The ongoing coronavirus pandemic and mask mandates rolled out by governments worldwide have caused an “exponential increase” in face mask pollution, comprehensive research based on data collected in 11 countries suggests.
The damning study by a team of researchers with the University of Portsmouth was published in the Nature Sustainability journal on Thursday.
The group conducted a comprehensive study of personal protective equipment (PPE), observing an “exponential increase” in such litter amid anti-coronavirus measures. Their findings are based on data collected across 11 countries, including Australia, Belgium, Canada, France, Germany, the Netherlands, New Zealand, Spain, Sweden, the UK, and the US, using a litter collection application Litterati.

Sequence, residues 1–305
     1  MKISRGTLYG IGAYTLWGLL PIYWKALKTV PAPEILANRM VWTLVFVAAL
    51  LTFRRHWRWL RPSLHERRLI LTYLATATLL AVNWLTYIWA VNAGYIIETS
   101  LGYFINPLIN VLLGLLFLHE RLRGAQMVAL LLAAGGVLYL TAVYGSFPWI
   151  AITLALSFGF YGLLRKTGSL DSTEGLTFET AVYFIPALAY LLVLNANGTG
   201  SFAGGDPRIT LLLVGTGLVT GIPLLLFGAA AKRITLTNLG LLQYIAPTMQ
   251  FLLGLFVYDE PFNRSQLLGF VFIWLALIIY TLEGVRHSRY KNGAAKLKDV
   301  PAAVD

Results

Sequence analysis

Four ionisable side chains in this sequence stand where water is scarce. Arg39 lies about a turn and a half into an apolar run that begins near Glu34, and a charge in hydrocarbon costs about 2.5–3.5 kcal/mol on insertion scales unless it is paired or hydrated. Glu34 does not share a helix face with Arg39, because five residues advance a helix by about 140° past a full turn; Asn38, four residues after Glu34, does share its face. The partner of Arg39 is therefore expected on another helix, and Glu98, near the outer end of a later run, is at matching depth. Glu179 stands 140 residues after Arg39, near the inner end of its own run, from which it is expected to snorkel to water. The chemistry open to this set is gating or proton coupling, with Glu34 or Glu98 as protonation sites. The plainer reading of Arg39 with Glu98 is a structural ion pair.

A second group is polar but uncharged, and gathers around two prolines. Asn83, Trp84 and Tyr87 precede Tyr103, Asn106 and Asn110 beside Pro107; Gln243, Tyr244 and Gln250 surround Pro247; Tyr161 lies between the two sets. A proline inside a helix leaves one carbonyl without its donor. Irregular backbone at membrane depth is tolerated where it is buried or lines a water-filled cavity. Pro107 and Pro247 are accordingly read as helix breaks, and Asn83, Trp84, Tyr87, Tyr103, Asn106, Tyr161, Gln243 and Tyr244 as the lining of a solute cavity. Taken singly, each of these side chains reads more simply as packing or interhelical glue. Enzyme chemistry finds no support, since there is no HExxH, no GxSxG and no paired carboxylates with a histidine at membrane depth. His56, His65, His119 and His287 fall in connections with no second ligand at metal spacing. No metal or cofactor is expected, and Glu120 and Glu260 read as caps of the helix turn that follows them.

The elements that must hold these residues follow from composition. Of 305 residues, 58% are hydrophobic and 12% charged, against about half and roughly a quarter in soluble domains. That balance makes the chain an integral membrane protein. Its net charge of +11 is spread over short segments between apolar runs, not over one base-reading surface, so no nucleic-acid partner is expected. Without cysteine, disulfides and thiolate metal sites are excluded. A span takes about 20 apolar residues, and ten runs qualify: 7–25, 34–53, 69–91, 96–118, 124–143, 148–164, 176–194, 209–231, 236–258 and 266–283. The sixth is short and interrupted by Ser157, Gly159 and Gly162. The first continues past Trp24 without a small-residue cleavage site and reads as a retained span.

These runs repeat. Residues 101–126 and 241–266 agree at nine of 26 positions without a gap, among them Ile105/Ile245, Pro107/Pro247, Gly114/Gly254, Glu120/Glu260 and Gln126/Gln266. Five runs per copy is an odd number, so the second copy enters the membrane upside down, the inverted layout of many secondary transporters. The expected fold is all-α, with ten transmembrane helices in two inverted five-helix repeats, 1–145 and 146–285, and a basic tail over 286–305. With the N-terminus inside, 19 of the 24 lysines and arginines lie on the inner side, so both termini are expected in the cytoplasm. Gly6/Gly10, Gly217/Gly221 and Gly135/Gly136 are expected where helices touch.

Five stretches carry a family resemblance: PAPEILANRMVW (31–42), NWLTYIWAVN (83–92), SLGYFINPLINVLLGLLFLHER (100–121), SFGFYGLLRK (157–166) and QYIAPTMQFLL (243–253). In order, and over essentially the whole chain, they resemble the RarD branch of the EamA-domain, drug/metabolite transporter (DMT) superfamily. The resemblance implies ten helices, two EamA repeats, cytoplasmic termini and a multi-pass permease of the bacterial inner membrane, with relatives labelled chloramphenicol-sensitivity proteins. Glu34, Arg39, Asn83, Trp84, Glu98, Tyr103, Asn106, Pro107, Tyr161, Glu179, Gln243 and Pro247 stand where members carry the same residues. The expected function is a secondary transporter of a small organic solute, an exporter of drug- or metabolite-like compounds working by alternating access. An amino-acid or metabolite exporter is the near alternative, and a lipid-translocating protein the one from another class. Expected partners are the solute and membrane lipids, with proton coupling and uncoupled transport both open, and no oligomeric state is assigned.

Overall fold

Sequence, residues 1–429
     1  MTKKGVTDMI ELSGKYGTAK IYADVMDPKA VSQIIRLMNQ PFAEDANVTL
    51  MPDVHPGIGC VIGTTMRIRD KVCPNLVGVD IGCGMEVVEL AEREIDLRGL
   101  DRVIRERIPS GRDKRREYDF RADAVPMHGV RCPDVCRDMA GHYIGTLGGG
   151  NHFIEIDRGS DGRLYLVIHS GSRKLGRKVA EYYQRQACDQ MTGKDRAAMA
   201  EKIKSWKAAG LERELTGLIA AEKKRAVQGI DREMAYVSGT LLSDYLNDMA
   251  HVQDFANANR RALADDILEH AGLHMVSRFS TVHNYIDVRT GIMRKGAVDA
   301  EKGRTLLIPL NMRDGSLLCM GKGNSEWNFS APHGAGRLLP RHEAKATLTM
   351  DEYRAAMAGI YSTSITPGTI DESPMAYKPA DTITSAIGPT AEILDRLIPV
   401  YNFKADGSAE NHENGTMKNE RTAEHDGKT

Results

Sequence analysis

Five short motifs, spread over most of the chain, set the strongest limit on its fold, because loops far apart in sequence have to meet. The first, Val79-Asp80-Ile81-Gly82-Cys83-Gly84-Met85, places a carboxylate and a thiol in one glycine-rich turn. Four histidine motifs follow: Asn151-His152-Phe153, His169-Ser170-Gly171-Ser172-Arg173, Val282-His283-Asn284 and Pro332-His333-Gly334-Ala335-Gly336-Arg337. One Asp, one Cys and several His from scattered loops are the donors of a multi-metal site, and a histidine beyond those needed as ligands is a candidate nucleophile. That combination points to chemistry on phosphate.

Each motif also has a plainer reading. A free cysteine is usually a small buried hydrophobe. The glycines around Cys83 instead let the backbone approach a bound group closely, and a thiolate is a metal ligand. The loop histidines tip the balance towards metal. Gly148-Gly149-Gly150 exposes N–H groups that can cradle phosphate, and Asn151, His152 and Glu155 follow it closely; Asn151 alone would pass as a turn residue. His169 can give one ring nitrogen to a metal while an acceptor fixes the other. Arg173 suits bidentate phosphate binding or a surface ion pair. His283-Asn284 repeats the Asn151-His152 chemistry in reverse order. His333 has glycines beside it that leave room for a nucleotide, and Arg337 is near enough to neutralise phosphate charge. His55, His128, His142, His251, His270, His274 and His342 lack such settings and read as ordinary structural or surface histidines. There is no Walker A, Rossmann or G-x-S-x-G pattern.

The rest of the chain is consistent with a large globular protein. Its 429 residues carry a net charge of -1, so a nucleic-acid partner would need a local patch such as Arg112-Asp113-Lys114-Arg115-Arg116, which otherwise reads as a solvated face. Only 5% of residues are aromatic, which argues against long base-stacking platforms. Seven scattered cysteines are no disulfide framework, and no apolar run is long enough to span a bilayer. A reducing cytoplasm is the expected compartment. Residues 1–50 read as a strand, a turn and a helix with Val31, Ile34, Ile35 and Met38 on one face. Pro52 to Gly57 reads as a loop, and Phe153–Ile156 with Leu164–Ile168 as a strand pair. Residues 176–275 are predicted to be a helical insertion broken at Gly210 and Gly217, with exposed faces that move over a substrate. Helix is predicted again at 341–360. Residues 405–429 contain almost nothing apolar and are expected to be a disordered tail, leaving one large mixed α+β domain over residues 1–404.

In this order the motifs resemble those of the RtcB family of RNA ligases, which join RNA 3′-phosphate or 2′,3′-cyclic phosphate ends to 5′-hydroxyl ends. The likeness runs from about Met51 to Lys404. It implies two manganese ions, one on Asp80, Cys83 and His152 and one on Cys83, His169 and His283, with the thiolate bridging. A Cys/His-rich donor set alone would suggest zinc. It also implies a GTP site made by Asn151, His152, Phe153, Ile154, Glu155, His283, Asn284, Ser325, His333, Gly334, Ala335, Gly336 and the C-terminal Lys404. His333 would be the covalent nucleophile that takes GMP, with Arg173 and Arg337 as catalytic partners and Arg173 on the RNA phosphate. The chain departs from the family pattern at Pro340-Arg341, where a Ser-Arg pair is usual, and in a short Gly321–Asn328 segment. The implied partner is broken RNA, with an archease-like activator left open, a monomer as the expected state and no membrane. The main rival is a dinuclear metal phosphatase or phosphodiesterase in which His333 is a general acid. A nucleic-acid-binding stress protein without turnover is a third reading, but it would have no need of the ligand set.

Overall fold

The research spans 14 months, with September 2019 figures used as the baseline. Covid-related litter began to grow at alarming rates in March 2020, when the spread of the virus turned into a full-blown global pandemic, with governments worldwide introducing various restrictions, including mandatory face mask-wearing.
“Overall the study shows the impact that legislating the use of items such as masks can have on their occurrence as litter. We found that littered masks had an exponential increase from March 2020, resulting in an 84-fold increase by October 2020,” Dr. Keiron Roberts, lead researcher with the University of Portsmouth, said.
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